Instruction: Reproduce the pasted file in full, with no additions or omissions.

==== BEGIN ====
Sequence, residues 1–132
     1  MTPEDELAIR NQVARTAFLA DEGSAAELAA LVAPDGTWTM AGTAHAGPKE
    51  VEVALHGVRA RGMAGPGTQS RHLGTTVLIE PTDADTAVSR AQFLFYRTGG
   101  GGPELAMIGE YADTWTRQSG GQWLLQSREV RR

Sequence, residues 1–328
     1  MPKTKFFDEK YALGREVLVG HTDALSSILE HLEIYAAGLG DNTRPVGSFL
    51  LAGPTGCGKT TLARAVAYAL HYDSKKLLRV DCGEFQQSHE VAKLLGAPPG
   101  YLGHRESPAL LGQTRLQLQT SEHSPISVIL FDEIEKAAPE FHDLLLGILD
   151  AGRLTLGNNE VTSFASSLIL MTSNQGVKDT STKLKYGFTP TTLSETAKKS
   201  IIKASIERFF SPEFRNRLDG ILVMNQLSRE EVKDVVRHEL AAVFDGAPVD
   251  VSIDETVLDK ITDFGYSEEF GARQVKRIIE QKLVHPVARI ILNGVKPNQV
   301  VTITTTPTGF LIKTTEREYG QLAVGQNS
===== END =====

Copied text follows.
Sequence, residues 1–132
     1  MTPEDELAIR NQVARTAFLA DEGSAAELAA LVAPDGTWTM AGTAHAGPKE
    51  VEVALHGVRA RGMAGPGTQS RHLGTTVLIE PTDADTAVSR AQFLFYRTGG
   101  GGPELAMIGE YADTWTRQSG GQWLLQSREV RR

Sequence, residues 1–328
     1  MPKTKFFDEK YALGREVLVG HTDALSSILE HLEIYAAGLG DNTRPVGSFL
    51  LAGPTGCGKT TLARAVAYAL HYDSKKLLRV DCGEFQQSHE VAKLLGAPPG
   101  YLGHRESPAL LGQTRLQLQT SEHSPISVIL FDEIEKAAPE FHDLLLGILD
   151  AGRLTLGNNE VTSFASSLIL MTSNQGVKDT STKLKYGFTP TTLSETAKKS
   201  IIKASIERFF SPEFRNRLDG ILVMNQLSRE EVKDVVRHEL AAVFDGAPVD
   251  VSIDETVLDK ITDFGYSEEF GARQVKRIIE QKLVHPVARI ILNGVKPNQV
   301  VTITTTPTGF LIKTTEREYG QLAVGQNS